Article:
Next Generation of Australian Designers
Arguably the most anticipated runway every year at VAMFF is the National Graduate Showcase. A select number of graduate designers are chosen every year to showcase their portfolio. The competition is tough. The recognition is invaluable. Twelve finalists were selected this year. Not surprisingly, in both fashion and style, the next generation of Australian designers wowed!
Amanda Nichols – RMIT
“This collection is #1 of the replica project. The project will continue on to #2 and will be once again be based upon an iconic archival look.”
Ariana Patawaran – UTS
“Kitsch, Please!” is a textile – driven, womenswear collection with a focus on knitwear. I wanted to challenge the possibilities of knitwear, embellishment and both, combined. It was a couture – like approach.
Benjamin Garg – RMIT
Garments in my collection are kinetic and voluminous but moreover, they have audio in it, which can only be experienced while wearing, all these tactilities are part of the geography of Kota Doria (where this fabric come from).
Conor Utri – RMIT
Besides the individual scales for the net dresses, which are laser cut, everything within the collection bears the effects of handwork. Tweeds and Cable knits are actually hand dyed and needle felted whilst ‘mud stained’ and ‘worn through’ garments are hand dyed or bleached to give weather appearances.
Eily Shaddock – QUT
“The prints are actually screenshots of my friends’ Instagram uploads, comments and status’ that have been distorted and morphed in a way that makes them unidentifiable and visually quite overwhelming and chaotic.”
Golnaz Rezaei Daghigh – UTS
“My collection explores gesture and Persian calligraphy through textile design and screen prints which are a consistent and vital focus for my practice. My black and white collection is also a response to, and in support of the current political protest of Persian women, “Girls of Revolution Street”, against compulsory Hijab by taking off their scarf and standing in public, on one hand and, the stereotyped image of women in veil in the West, on the other hand; achieved through the collaboration of a scarf within a garment.”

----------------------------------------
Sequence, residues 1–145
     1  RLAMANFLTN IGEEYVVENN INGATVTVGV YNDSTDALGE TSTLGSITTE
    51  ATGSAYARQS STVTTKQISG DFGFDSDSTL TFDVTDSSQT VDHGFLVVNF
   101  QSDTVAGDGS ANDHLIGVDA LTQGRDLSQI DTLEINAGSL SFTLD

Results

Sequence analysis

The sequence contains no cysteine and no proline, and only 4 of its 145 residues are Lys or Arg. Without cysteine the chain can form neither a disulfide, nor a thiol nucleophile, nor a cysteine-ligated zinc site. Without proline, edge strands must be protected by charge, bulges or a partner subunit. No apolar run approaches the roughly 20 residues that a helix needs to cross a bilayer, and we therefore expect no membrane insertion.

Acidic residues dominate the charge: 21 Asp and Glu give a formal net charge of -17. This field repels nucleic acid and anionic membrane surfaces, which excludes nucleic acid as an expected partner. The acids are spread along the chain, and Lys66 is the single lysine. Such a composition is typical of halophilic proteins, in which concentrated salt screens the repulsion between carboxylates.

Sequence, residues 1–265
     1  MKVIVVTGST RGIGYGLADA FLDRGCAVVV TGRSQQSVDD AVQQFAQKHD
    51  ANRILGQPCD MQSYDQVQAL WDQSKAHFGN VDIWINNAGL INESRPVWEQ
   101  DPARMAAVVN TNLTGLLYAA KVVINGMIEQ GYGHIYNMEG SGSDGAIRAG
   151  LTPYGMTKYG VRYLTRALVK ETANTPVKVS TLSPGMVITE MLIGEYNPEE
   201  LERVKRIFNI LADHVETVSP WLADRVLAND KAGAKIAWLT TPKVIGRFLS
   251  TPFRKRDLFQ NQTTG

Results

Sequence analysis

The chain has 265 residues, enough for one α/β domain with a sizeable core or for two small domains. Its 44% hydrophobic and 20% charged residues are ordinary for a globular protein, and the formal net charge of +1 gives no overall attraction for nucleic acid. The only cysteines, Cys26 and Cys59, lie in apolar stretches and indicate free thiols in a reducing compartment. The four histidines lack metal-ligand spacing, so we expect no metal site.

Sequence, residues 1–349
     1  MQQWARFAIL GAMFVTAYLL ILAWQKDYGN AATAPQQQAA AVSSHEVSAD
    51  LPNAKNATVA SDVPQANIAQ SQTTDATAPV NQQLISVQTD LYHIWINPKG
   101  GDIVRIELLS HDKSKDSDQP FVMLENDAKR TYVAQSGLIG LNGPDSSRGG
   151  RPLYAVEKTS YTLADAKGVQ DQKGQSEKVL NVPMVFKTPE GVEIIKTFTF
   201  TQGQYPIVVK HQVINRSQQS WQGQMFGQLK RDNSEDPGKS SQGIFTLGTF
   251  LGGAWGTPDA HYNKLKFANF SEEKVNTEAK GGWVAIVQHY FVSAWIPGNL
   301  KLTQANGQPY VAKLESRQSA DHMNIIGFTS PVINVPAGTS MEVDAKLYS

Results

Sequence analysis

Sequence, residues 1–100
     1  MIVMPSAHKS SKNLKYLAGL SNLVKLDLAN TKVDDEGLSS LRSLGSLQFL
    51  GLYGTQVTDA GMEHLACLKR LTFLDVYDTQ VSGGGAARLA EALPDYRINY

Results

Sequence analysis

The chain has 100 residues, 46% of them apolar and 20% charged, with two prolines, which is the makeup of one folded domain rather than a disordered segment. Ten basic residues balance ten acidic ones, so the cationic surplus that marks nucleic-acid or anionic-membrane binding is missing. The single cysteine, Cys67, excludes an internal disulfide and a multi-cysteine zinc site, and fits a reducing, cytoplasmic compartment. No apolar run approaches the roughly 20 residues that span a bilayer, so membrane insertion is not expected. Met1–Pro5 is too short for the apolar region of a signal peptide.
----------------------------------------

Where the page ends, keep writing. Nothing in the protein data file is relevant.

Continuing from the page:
Hannah Culshaw – UTS
“The AURA collection is an expression of the exploration of shape and placement through considered textiles and dye techniques. The collection is genderless meaning it is open to any individual who appreciates the design.”
Hannah Schoemaker – UTS
“The collection is made mostly of denim, with the only other fabrication being lace as a lining and to create the patterning on the denim.”
Isabella Snelson – UTS
“The collection was sponsored by Australian Wool Innovations and I worked alongside Calcoup Knitwear Company to create some extraordinary jaquard knits. Calcoup works alongside schools to create mass amounts of school jumpers and uniforms, so asking them to create placement, 4 colour jacquards with lurex, ﬂorals and colours was such a fun experience and a challenge for both parties! These jacquards were placed alongside knitted metal that I knitted myself.”
Jessica Xie – UTS
“All the fabrics in the collection are hand dyed with natural dyes and some of the wooden pieces are also treated with dye. All of the wooden pieces are joined by either hand sewing or chains and jump rings so they took quite a bit of time to make.”
Ruby Phan – UTS
“I hope that people can take away a different perception of fashion other than defining it as clothes but as sculptural textile art pieces that moves with the body. “
Sarah Hawes – UTS
“Every piece of fabric was custom made through embroidery, knitwear and patchwork. This follows through to my shoes including those crazy platform shoes that were made from layered thongs coated in liquid rubber.”
Images: Lucas Dawson Photography Quotes: sourced from VAMFF